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St. Mary's Cathedral, Cape Town

The St. Mary's Cathedral[1][2] more formally known as the Cathedral of Our Lady of the Flight into Egypt, is the name given to a religious building belonging to the Catholic Church and is located in Cape Town,[3][4] in South Africa.

St. Mary's Cathedral
The Cathedral of Our Lady of the Flight into Egypt
St Mary's 4.jpg
St. Mary's Cathedral is located in South Africa
St. Mary's Cathedral
St. Mary's Cathedral
33°55′41″S 18°25′02″E / 33.928°S 18.4172°E / -33.928; 18.4172Coordinates: 33°55′41″S 18°25′02″E / 33.928°S 18.4172°E / -33.928; 18.4172
Location Cape Town
Country  South Africa
Denomination Roman Catholic Church
Founded 1851
Past bishop(s) Archbishop Lawrence Henry
Architect(s) German architect Carl Otto Hager. Hager had designed numerous Dutch Reformed Churches in South Africa including the NG Moederkerk in Stellenbosch.
Architectural type The Cathedral was designed in the neo-Gothic idiom, with the characteristic features such as a high nave and steep roof, side aisles with flat roofs and crenelated parapets, slender in shape, pointed clerestory windows on the inside and an oak screen separating the nave from the entrance porch.
Deanery City Bowl
Archdiocese Metropolitan Archdiocese of Cape Town, South Africa
Province Western Cape
Archbishop The Most Revd. Stephen Brislin D.D
Bishop(s) Right Rev. Reginald Cawcutt (Resgined)
Vicar(s) Rev. Fr Peter-John Pearson & Msg Clifford Stokes
Chancellor Fr Michael Clement
Assistant priest(s) Rev. Fr Celestine Okekeofejebe
Organist(s) Dale de Windt, Stephen Siljeur, Emile Wyngaard
Parish administrator The Very Rev. Rohan Smuts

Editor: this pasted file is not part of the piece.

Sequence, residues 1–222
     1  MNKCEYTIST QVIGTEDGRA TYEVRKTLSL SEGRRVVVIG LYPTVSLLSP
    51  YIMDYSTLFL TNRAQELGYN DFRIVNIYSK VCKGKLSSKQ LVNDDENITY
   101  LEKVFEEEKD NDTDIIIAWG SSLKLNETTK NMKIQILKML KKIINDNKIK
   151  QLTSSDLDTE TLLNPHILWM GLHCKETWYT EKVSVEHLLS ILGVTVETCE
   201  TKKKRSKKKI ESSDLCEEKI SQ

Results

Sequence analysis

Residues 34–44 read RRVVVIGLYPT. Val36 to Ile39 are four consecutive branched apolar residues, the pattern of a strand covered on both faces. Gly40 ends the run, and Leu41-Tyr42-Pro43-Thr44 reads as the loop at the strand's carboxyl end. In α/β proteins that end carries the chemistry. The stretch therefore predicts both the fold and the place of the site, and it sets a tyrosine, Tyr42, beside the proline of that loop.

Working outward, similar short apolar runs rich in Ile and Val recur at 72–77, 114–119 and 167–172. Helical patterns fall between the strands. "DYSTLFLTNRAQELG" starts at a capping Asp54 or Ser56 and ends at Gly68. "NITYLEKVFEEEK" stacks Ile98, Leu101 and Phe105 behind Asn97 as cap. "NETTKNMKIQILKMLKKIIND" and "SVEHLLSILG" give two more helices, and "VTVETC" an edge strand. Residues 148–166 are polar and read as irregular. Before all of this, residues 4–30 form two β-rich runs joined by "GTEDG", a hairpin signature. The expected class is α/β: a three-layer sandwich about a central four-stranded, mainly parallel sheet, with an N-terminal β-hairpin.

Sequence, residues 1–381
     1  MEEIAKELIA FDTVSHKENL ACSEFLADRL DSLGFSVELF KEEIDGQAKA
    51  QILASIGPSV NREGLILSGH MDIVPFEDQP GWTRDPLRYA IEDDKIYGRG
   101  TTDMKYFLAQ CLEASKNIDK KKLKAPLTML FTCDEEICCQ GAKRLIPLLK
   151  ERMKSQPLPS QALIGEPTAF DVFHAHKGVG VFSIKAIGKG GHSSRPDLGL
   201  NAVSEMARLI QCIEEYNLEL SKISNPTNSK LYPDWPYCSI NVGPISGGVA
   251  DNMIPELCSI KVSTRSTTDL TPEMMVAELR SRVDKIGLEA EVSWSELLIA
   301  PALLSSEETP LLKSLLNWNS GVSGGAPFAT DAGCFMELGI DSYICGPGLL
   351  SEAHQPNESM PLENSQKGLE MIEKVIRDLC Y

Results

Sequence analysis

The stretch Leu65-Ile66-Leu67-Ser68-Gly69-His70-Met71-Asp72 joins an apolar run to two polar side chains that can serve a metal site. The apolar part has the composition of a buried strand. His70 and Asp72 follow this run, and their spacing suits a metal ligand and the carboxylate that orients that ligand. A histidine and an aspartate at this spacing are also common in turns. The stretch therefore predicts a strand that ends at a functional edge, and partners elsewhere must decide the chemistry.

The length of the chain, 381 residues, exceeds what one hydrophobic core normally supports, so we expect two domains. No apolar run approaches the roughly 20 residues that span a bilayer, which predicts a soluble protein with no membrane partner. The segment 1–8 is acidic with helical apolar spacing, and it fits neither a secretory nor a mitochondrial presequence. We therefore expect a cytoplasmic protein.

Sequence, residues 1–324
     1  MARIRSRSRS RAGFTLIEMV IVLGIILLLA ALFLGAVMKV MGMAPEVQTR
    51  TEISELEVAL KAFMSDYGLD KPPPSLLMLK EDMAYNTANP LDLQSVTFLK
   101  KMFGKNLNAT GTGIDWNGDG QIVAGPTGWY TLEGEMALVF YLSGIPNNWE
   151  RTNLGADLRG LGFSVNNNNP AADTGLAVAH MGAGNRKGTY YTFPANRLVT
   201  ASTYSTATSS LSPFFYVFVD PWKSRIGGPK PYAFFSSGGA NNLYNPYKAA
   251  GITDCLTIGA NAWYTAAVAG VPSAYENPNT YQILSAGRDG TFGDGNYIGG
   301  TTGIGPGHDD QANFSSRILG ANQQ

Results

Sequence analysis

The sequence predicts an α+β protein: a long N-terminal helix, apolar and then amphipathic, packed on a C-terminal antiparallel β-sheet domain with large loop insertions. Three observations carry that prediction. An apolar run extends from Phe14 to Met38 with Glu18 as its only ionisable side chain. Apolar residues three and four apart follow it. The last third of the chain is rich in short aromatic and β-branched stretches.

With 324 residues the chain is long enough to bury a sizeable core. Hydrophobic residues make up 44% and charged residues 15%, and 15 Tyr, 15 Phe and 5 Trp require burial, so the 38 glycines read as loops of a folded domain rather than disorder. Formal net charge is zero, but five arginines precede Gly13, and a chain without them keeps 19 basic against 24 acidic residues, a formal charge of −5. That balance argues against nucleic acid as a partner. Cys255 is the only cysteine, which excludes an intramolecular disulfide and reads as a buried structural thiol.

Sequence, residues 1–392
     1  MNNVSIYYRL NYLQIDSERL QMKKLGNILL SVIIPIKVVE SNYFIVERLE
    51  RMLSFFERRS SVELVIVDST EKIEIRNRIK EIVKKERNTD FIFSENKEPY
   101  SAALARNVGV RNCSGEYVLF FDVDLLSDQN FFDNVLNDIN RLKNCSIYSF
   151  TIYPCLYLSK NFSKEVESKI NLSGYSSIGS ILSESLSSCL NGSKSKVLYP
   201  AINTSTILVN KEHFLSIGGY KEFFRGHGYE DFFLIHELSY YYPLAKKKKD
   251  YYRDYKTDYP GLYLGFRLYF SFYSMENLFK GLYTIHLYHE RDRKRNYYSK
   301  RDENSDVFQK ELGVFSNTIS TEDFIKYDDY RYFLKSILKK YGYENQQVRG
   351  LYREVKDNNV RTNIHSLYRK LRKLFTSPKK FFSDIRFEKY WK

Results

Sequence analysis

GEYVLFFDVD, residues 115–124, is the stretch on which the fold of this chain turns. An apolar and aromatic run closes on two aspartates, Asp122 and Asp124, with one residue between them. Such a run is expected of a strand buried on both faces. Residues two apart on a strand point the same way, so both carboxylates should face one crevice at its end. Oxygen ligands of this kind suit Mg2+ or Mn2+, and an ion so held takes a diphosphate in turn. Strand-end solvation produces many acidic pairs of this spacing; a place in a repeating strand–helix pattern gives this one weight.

The story of the Cathedral Church of Our Lady of the Flight into Egypt in Cape Town, the seat of the Metropolitan Archbishop of Cape Town, is intimately associated with the history and development of the Roman Catholic Church in Southern Africa over a period of more than 175 years. Affectionately known by many as St Mary’s Cathedral, it is the oldest Catholic Cathedral in South Africa. It is located specifically in Stalplein (or the Stable square) near the parliament building.

The local bishop bought land in 1839 and the first stone was laid two years later, being consecrated on April 28, 1851 with the Gothic Revival style design of Otto Hagger.

In 1926 he added a tower and the sanctuary was remodeled in 1947. In 1951 he was consecrated as a Catholic Cathedral. Its last restoration was done in 1997.

The Cathedral is situated in the heart of the City of Cape Town, also known as the Mother City. Its position is directly opposite the South African Parliament and at the meeting point of an important thoroughfare linking Cape Town to its outlying suburbs. The Cathedral occupies a central position in relation to its significance and the ‘Mother Church’ both of the Archdiocese and of the rest of South Africa.

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